A water feed pipe 40 includes a cold water solenoid valve 41 and hot water solenoid valve 42. Cold and hot water valves 41 and 42 are controlled by a valve controller (not shown) preferably, a Siemens programmed logic controller made by Siemens Aktiengesellschaft Joint Stock Co. of Munich, Germany. The hot and cold valves 41 and 42 are mounted on top of the hood 12 directly above the water feed pipe and are connected together forming the water feed pipe 40. Located within the pipe 40, downstream from the hot and cold water solenoid valves 41 and 42 is an injector 44, preferably a Dema injector, manufactured by The Dema Engineering Company, St. Louis, Mo., through which both hot and cold water flow, forming a venturi that draws liquid chemical into the incoming water.
An upper water inlet 34 is directed into manifold 35 at an upper interior corner of a top wall 20 and front wall 22; and the manifold 35 includes downwardly extending nozzles 36 which traverse the length of the front wall 22 directly beneath and supported by the top wall 20. Another lower water feed pipe 38 is positioned at an interior lower corner between the front wall 22 and lower wall 26 and is provided with a series of horizontally directed nozzles 39.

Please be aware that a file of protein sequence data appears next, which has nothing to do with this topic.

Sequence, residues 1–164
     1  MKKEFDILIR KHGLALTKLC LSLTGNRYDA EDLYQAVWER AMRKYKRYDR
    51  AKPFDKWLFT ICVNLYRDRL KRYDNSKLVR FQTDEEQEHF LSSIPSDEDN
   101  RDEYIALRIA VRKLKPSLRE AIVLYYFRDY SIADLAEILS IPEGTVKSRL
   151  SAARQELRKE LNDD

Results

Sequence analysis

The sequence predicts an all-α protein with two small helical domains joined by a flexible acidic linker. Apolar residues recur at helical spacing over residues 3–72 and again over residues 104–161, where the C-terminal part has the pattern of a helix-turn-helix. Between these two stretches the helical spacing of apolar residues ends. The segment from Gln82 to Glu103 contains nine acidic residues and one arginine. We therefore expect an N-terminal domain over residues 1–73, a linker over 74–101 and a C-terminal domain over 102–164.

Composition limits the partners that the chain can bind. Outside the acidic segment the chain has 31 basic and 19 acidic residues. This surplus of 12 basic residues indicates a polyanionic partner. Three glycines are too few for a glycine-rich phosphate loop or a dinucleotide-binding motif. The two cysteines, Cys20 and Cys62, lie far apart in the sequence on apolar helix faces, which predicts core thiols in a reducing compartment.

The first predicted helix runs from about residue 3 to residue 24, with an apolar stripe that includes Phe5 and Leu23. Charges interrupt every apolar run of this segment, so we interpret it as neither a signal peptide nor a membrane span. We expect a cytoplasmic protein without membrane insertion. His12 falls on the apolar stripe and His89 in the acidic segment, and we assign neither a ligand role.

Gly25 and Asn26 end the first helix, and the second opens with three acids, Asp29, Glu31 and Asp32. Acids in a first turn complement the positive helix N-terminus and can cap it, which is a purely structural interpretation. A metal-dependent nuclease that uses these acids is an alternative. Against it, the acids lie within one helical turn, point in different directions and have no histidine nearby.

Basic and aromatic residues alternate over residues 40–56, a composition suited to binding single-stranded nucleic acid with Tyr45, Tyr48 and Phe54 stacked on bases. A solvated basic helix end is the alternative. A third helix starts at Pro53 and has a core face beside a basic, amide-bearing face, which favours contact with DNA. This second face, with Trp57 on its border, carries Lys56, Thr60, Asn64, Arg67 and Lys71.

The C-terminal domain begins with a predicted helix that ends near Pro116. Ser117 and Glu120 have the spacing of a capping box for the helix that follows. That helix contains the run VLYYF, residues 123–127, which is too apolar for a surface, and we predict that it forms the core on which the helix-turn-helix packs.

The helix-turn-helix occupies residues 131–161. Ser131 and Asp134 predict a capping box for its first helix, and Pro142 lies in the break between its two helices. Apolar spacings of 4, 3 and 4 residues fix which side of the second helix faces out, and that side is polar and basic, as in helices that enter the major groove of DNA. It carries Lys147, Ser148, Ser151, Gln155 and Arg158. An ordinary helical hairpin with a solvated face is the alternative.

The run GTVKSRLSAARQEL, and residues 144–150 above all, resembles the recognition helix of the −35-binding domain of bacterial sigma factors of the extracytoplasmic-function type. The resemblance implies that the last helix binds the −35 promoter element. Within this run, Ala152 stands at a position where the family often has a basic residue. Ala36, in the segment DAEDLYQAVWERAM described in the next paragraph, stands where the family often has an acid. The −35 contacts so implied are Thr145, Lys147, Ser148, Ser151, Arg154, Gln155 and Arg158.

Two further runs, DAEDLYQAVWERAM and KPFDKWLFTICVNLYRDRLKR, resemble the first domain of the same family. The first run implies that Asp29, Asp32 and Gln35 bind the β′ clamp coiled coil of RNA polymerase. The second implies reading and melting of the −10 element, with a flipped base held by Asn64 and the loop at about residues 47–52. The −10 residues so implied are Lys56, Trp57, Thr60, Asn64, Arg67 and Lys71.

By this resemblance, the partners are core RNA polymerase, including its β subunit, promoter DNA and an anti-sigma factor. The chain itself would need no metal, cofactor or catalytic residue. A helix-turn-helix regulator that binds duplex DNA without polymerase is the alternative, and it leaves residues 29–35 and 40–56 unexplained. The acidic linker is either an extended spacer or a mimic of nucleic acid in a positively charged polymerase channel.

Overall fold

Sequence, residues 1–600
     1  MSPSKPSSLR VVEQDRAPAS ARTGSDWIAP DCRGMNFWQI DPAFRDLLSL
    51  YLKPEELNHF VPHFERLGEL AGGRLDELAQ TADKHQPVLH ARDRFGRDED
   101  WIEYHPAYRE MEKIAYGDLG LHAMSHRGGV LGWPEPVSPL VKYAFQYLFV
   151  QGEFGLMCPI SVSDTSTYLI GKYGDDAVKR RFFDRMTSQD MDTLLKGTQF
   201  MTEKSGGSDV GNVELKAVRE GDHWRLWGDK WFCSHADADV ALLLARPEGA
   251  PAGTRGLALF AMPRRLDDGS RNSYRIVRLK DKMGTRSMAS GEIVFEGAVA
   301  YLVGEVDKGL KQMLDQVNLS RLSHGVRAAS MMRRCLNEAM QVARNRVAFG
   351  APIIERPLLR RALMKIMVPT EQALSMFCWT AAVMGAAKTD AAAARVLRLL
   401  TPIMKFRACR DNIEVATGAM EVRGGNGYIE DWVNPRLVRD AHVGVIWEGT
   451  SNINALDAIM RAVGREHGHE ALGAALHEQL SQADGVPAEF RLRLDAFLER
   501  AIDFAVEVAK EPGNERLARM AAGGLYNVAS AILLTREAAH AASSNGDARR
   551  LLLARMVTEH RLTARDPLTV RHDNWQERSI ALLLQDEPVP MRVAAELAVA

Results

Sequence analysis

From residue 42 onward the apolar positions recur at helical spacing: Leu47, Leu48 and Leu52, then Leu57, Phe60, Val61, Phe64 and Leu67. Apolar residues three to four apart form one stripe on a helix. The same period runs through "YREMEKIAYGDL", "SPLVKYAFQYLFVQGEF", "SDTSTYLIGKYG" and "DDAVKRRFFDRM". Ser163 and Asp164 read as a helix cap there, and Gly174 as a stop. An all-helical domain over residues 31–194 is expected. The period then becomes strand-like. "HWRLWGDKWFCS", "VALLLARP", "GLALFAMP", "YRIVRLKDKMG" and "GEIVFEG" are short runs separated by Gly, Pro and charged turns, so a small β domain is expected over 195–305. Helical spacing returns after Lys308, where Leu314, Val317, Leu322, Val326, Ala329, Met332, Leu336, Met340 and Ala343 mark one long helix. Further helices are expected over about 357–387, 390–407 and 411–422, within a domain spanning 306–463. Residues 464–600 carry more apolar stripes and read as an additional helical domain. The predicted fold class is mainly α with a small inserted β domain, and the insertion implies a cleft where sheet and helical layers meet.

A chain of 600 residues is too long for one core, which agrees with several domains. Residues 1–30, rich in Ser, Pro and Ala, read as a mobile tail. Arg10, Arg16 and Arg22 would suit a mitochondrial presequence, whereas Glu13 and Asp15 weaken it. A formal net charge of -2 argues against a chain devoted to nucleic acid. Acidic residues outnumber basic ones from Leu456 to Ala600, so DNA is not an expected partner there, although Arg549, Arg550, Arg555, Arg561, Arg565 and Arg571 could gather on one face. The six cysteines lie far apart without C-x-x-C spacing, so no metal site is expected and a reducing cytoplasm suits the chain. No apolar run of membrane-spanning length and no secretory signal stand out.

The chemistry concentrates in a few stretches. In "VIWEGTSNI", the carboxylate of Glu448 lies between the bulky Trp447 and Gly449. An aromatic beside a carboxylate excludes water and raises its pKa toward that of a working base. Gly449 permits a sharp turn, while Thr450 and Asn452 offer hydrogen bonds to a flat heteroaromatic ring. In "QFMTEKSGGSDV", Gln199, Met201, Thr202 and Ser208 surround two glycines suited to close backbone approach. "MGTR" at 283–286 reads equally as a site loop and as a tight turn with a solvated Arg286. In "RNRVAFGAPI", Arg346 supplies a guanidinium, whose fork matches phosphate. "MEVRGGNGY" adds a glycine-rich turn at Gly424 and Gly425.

An important feature of the present invention resides in a scrubbing chamber which is formed directly above and in communication with the air inlet passage 14. An air deflector panel 50 extends upwardly and forwardly away from the rear wall 21 in spaced, substantially parallel relation to the panel 24, and the panel 50 functions also as a bracket support for a horizontal deflector panel or plate 52 which extends forwardly away from the rear wall 21 and terminates in a downwardly directed lip 53. The horizontal panel 52 forms a horizontal extension of the inclined deflector plate 50 and, together with the plate 50, defines a forwardly convergent scrubbing chamber or area for intermixing of the exhaust airstream from the cooking appliance with the water droplets from the water manifold 44. An upper open plenum area 60 is formed by the outer walls of the hood 12 above the scrubber chamber and specifically above the horizontal deflector 52.